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Roswell Park Team Working to Reverse Lung Cancer Inequities Through Bilingual Outreach

BUFFALO, N.Y. — Concerning disparities exist in who is getting lung cancer in Western New York. Black residents in the eight-county area have the highest incidence of lung cancer as well as the most deaths from the disease. A team from Roswell Park Comprehensive Cancer Center outlined a strategy to address those unequal outcomes — and successfully competed for a national grant to put that strategy to work in our community.

With lung cancer at the top of cancer-related deaths in Western New York — and at a rate higher than all of New York state — these experts from Roswell Park’s Community Outreach and Engagement team has been awarded funding from the Prevent Cancer Foundation, the only U.S.-based nonprofit organization solely dedicated to cancer prevention and early detection.

The one-year, $25,000 grant is one of only 10 awarded nationwide to implement initiatives to prevent cancer in underserved populations.

Lung cancer is the leading cause of cancer-related deaths across all racial and ethnic groups in Western New York, notes Roswell Park’s Elizabeth Bouchard, PhD, MA, Associate Director for Community Outreach and Engagement in the Department of Cancer Prevention and Control.

The incidence of lung cancer is higher in Western New York than in the rest of the state and across the United States. In our eight-county region, it causes 50 deaths per 100,000, compared with the New York State rate of 37.1 deaths per 100,000 and the U.S. rate of 41.9 deaths per 100,000.

Incidence and deaths from lung cancer are higher among Blacks in Western New York than for any other racial group — 85.5 per 100,000 people and 58.7 among every 100,000, respectively. And area whites and Hispanics aren’t far behind in these categories: The incidence rate for white residents is 74.3 per 100,000 and for Hispanic residents, 49.6 per 100,000. The number of deaths for white residents is 50 per 100,000 and for Hispanic residents, it is 26.4 per 100,000.

Jomary Colon
Senior Health Referral Specialist

These alarming statistics drove Dr. Bouchard and two colleagues — Jomary Colon, Senior Health Referral Specialist, and Nikia Clark, Health Education Specialist — to create the Roswell AIR (Awareness, Information and Resources) for Lung-Cancer Screening program, which partners with the community to reduce barriers to lung-cancer screening among underserved communities in Western New York, especially Blacks, Hispanics and senior citizens.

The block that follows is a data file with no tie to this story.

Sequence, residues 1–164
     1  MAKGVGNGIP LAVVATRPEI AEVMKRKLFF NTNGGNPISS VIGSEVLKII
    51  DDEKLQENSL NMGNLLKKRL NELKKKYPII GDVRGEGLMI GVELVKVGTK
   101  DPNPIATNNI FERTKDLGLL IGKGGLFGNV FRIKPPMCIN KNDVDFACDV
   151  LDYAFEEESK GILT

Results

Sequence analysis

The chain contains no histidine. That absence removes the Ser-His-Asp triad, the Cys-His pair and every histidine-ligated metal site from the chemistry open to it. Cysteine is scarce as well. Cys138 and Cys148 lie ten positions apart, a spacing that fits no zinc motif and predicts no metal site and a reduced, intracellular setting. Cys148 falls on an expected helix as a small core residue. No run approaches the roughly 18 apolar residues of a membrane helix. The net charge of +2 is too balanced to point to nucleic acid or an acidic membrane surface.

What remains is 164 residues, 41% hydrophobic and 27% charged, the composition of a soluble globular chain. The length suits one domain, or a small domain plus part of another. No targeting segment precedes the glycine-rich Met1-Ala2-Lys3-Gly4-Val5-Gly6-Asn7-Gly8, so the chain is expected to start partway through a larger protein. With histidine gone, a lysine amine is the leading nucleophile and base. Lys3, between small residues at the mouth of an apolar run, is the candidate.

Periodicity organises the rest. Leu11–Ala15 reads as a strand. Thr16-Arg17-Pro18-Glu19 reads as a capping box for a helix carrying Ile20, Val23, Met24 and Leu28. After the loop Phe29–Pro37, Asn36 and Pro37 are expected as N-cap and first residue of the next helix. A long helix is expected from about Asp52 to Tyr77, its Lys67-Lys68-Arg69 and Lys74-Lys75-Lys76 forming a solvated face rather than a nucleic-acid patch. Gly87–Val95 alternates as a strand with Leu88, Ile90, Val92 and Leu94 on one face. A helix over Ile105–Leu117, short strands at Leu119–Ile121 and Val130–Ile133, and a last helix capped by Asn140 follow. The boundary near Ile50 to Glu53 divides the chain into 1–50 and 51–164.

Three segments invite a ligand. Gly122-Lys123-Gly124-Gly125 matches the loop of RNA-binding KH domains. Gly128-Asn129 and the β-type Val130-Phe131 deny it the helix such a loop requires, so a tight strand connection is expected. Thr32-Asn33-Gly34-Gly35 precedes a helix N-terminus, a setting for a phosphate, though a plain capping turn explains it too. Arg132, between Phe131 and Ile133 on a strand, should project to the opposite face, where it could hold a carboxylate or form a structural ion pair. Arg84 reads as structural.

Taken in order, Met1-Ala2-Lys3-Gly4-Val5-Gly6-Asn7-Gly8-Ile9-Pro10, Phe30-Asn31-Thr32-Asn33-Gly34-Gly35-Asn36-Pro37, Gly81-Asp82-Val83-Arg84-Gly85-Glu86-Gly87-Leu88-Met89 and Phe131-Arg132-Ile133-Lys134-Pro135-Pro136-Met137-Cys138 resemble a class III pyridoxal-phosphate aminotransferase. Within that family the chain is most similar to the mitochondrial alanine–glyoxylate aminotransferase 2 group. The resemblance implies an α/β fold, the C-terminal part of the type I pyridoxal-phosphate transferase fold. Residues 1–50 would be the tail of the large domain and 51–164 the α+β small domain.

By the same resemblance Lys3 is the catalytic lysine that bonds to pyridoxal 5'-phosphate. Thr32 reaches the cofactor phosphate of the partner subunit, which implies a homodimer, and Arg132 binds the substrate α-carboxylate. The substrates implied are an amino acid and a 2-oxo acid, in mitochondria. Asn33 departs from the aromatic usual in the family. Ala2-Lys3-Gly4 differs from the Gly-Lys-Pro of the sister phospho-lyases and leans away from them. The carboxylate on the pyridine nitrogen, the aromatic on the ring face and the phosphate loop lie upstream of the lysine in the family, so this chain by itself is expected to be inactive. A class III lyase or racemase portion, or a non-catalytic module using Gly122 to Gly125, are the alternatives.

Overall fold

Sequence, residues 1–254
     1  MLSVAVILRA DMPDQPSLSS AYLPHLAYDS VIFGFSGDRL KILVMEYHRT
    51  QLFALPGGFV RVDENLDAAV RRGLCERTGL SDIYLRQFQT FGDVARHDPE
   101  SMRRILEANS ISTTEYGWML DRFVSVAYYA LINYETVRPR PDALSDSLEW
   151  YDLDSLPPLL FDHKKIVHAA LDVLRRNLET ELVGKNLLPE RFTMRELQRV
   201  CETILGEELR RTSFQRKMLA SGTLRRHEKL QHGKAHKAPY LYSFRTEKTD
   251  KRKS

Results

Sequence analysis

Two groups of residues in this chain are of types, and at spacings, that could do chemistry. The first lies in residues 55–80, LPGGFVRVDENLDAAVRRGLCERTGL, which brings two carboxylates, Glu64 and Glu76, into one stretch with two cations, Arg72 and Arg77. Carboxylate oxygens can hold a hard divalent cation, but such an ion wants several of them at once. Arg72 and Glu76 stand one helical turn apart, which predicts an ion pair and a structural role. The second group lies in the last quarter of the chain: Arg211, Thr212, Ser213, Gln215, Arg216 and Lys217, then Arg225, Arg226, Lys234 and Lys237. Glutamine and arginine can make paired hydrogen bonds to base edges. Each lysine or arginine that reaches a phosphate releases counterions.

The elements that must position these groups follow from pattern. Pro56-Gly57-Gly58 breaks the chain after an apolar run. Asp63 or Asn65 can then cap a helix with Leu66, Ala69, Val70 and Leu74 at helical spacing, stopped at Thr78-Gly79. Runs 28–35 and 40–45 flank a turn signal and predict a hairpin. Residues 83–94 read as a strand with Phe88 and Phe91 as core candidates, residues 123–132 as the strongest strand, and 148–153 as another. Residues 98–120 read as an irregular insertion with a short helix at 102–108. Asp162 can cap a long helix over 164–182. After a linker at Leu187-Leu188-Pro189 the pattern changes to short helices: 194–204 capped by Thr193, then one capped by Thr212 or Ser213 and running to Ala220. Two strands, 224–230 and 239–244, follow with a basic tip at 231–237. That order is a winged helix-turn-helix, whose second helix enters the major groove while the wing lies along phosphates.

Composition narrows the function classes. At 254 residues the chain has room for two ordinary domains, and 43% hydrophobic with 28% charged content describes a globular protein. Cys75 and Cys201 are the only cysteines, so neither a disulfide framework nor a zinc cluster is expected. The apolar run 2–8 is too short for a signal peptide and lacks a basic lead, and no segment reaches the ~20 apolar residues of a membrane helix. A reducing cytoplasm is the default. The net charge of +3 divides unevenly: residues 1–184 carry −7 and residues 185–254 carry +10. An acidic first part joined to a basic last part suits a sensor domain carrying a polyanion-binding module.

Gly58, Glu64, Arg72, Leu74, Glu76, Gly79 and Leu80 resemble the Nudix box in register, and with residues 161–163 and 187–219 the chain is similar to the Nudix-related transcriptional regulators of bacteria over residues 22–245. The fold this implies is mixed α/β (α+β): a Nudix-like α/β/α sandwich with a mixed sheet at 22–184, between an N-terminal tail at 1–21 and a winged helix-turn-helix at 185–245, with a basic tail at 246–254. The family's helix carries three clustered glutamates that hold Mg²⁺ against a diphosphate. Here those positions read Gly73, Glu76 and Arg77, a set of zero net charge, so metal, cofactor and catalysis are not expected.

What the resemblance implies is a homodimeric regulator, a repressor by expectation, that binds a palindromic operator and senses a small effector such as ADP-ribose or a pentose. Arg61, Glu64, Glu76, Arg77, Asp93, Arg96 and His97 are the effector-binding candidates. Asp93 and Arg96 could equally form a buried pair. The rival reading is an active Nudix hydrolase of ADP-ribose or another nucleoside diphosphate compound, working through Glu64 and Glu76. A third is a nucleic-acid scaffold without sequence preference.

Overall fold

The Prevent Cancer grant will help the Roswell Park team to deepen its relationships with those at high risk for lung cancer. The funding also allows them to navigate eligible residents to lung-cancer screening and provide information to broad audiences about ways to lower risk for the disease.

“We’re excited about the opportunity for enhanced community partnerships, increased knowledge and awareness about lung cancer among participants, and for greater numbers of eligible residents to get recommended lung cancer screening,” Clark says.    

The program is offered in English and Spanish. Clark and Colon will conduct the program virtually and, when possible, in person throughout Western New York.

“There are a lot of barriers that contribute to the disparities we see in our community’s experience of lung cancer,” says Clark. “Lack of awareness about lung-cancer screening, unfamiliarity with screening eligibility guidelines, and worry, fear and the stigma around lung cancer — all of these are contributing to poor outcomes, and they’re all factors we can do something about.”

Dr. Bouchard notes that while Roswell Park offers a specialized screening program for those at high risk for developing lung cancer, too few people who are eligible for these screenings seek them out from any provider.

“We see much better awareness of other opportunities for cancer screening and early detection, especially with mammography,” Bouchard says. “Our goal with this new program is to build that kind of awareness for lung cancer.”


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